Scientific theories are not always definitive ... Nevertheless philosophers and theologians should have kept pace with contemporary scientific developments and settled old theological questions like that with the literal sense of the Holy Scriptures in order to avoid in time any conflict with science.


The literal sense of the Holy Scriptures has been settled. And the decree of 1616, St Robert Bellarmine, and later Pope Urban VIII were applying it. The decision for Settele and against Anfossi did not pretend to do away with it, but to be still applying it. Pope Leo XIII in Providentissimus Deus refers to Biblical inerrancy as still quite applicable. Juan Casanovas asks for a thing which simply is not there in the Catholic Church. He asks fixed doctrine to "keep pace with contemporary developments of science" - and there is no such thing as doing that with a fixed doctrine. A mountain cannot keep pace with a race horse. A house cannot keep pace with a car. Nor should they. And cars and race horses are statistically likelier to come to wrong places than houses and mountains.

I am proud of a doctrine that does not keep pace with contemporary developments in science. I am proud of a doctrine that is sometimes in conflict with contemporary consensus or near consensus in science. And if you ever find me ashamed of it in the future, it will not be because I found a reason against what I now believe, it will be because men have either forged my statement or mistreated me by brainwashing - or rather it will not be at all, if God is with me.

Hans-Georg Lundahl
Boulogne-Billancourt
Martyrs of Tyrus in Phoenicia
under Diocletian's persecution
20-II-2013

6 commentaires:

  1. This link gives same quote, but attributed to St. Thomas, Summa Theol. I., Q, 32, Art. i, ad. 2:
    http://archive.org/stream/principleslogic00joycuoft/principleslogic00joycuoft_djvu.txt


    Ad aliquam rem duplici- ter inducitur ratio. Uno modo ad probandum sufficienter aliquam radicem : . . . Alio modo inducitur ratio non quae sufficienter probet radicem, sed quae radici jam positae ostendat congruere consequentes effectus. Sicut in astrologia ponitur ratio excenticorum et epicyclorum ex hoc quod, hac positione fact a, possunt salvari apparentia sensibilia circa motus coelestes : non tamen ratio haec est sufficienter probans, quia etiam forte alia positione facta salvari possunt.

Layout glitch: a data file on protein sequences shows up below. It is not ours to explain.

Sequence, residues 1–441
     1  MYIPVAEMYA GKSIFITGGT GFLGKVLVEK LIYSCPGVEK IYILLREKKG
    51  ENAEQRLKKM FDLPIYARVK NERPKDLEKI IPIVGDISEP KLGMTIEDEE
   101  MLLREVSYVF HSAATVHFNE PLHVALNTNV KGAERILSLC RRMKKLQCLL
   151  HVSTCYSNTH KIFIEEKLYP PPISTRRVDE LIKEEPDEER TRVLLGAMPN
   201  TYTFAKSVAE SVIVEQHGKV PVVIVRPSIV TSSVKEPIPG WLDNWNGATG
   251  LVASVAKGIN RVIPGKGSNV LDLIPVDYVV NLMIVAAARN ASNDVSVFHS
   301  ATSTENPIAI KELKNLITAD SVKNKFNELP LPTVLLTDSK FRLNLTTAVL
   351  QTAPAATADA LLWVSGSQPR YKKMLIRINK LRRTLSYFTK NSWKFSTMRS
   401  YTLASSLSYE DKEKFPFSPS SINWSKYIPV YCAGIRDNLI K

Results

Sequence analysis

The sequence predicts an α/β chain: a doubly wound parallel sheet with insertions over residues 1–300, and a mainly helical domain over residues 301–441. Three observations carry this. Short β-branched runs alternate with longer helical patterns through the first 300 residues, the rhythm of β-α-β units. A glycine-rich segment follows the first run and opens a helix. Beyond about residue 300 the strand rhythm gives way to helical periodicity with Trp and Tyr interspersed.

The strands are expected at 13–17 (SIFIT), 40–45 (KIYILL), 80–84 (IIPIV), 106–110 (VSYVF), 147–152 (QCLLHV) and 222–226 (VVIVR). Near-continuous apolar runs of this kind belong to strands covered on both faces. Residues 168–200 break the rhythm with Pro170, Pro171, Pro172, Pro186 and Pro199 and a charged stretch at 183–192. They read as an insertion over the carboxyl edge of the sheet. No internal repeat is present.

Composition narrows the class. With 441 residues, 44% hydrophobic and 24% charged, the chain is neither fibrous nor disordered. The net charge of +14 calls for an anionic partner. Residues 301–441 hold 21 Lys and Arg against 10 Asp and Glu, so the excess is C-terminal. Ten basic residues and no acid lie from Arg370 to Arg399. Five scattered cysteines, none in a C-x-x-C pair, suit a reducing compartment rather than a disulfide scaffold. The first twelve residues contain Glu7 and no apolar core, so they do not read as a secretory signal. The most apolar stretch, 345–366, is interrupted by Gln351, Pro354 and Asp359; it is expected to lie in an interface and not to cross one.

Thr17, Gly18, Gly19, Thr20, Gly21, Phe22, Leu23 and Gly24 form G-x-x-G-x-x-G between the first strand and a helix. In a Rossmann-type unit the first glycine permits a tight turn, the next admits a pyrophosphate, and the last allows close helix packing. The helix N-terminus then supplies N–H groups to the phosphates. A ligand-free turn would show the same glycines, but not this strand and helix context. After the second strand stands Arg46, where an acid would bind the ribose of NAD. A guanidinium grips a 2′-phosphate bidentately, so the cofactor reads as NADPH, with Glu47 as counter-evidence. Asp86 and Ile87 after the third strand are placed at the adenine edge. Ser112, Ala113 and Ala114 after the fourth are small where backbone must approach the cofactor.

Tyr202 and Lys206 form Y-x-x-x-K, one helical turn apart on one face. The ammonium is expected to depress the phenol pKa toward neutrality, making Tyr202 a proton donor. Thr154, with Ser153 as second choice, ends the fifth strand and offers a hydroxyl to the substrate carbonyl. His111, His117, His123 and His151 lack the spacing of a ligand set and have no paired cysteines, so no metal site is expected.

Let us see: yes, it is there.*

    Reply to Objection 2. Reason may be employed in two ways to establish a point: firstly, for the purpose of furnishing sufficient proof of some principle, as in natural science, where sufficient proof can be brought to show that the movement of the heavens is always of uniform velocity. Reason is employed in another way, not as furnishing a sufficient proof of a principle, but as confirming an already established principle, by showing the congruity of its results, as in astrology the theory of eccentrics and epicycles is considered as established, because thereby the sensible appearances of the heavenly movements can be explained; not, however, as if this proof were sufficient, forasmuch as some other theory might explain them. In the first way, we can prove that God is one; and the like. In the second way, reasons avail to prove the Trinity; as, when assumed to be true, such reasons confirm it. We must not, however, think that the trinity of persons is adequately proved by such reasons. ...

    S. Th. I p, q32, (a1 ad 2)
    http://newadvent.org/summa/1032.htm

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    1. Hello Hans-George,

      I must say that I very much enjoy reading your blogs.

      If I may ask a question - is possible for Voyager 1 to prove Geocentrism?

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    2. I was wondering whether they stopped sending pictures because it was starting to prove Geocentrism rather than Heliocentric Modern Cosmology.

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  2. When I originally commented I appear to have clicked the -Notify
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    1. Have you tried not to click it this time?

      If so, that should do it. You should not even get this one. IF however you get it, how about telling me how you could sign the checkbox when commenting anonymously without connexion to blogger.